The Chicago Sports Review catches up with Rich 'Goose' Gossage, the legendary relief pitcher from the White Sox, Padres, Yankees and other MLB clubs. As with any ex-player these days, the reporter pops the steroid question:
CY: A former New York Mets employee has pleaded guilty to distributing steroids from 1995-2005 to many major league players. As a former major leaguer, why do you think we have new incidents of players taking steroids?
RG: Well, I think there needs to be light shed on it. I don't know what's going to come out of the investigation that's going on with the Major League Baseball and the government. You can't compare. It's not a level playing field for Hank Aaron. You are talking about the most important single record in sports history really is the homerun. It's always been a sacred thing in baseball. Obviously the offense they put in the game today, I don't think there is any number the homerun means what it use to mean. The homerun use to be a big deal, today it's been watered down with the smaller ballparks, the more lively ball, the lack of pitching, the lack of pitching inside. You come close to these guys today and you are kicked out of a ballgame. All you have to do is scare them. You don't even have to hit them. It's a different ballgame and they wanted to put more offense in the game. I still love the game and it's still great game, but you can't compare the numbers of yesteryear to the current numbers of what's being put up today.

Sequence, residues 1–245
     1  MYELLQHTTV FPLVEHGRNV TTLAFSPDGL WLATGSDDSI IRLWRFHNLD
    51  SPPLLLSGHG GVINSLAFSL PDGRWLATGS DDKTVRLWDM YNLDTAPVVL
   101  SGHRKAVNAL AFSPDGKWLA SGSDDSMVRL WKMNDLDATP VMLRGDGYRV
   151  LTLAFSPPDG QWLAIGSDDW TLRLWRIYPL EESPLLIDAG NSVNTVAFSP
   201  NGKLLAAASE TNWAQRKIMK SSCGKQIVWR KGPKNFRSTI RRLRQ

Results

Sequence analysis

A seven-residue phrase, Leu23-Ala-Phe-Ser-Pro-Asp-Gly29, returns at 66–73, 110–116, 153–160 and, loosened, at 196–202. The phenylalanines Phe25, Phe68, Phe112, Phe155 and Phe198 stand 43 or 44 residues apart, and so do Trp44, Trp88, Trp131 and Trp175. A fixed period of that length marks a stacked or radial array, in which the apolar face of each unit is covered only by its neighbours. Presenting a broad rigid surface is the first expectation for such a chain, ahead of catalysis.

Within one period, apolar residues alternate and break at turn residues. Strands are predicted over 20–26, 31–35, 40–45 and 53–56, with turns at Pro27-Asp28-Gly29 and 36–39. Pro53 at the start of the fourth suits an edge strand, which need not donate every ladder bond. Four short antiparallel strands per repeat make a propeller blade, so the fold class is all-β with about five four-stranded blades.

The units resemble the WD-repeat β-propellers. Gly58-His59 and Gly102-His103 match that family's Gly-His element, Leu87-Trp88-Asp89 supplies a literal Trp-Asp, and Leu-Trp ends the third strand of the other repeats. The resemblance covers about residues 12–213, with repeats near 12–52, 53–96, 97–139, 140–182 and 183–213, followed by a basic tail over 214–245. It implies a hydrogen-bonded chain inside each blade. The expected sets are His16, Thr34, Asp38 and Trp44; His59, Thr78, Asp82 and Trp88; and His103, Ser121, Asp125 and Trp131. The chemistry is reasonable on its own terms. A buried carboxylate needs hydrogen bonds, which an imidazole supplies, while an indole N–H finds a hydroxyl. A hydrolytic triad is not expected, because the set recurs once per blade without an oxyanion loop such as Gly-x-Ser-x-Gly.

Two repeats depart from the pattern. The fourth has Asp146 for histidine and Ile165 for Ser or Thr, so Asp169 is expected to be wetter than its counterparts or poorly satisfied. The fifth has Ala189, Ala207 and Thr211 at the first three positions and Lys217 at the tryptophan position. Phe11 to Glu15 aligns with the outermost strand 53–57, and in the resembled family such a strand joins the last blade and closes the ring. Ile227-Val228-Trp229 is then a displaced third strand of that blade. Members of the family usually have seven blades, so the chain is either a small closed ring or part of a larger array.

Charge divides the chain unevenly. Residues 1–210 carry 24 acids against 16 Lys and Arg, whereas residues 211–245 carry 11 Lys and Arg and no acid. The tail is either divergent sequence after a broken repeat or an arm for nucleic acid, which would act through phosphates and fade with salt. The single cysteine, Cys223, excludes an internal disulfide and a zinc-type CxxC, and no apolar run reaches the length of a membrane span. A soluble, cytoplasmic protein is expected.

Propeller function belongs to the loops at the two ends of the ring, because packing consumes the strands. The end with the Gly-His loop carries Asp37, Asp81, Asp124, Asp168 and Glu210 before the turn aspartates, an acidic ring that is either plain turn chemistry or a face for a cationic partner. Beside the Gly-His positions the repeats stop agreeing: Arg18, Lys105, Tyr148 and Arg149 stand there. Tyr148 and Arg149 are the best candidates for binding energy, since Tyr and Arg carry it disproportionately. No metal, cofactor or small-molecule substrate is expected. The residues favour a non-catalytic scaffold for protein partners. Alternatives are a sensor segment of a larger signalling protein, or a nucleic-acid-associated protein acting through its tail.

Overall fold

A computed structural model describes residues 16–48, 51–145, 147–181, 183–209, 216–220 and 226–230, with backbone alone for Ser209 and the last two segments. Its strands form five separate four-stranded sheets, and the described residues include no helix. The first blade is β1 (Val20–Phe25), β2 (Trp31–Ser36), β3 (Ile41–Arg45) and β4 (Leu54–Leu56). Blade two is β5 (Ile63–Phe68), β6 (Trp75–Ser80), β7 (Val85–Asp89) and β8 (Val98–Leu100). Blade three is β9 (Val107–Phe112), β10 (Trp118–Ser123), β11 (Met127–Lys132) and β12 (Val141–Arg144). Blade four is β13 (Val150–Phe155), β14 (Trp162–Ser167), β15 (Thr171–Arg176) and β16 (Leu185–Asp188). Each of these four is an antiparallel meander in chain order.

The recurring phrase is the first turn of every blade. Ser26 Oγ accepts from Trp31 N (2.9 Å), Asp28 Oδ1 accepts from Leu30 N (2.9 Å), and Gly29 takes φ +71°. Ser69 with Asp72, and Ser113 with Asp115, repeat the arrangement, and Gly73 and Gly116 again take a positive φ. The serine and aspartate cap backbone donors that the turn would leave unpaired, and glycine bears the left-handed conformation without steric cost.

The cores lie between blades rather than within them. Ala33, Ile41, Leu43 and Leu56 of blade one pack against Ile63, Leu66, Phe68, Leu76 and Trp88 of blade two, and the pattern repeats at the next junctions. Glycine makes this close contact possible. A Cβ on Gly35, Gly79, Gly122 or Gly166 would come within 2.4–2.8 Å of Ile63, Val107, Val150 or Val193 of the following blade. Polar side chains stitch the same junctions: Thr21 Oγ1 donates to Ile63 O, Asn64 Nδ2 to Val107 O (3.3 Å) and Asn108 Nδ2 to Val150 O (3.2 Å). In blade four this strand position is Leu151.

Gossage reflects many fan's opinion about sluggers from Baseball's Steroid Era: it isn't fair to compare stats post-Canseco to the Pre-Canseco numbers. That PEDs, although not the only factor, contributed to much more offense.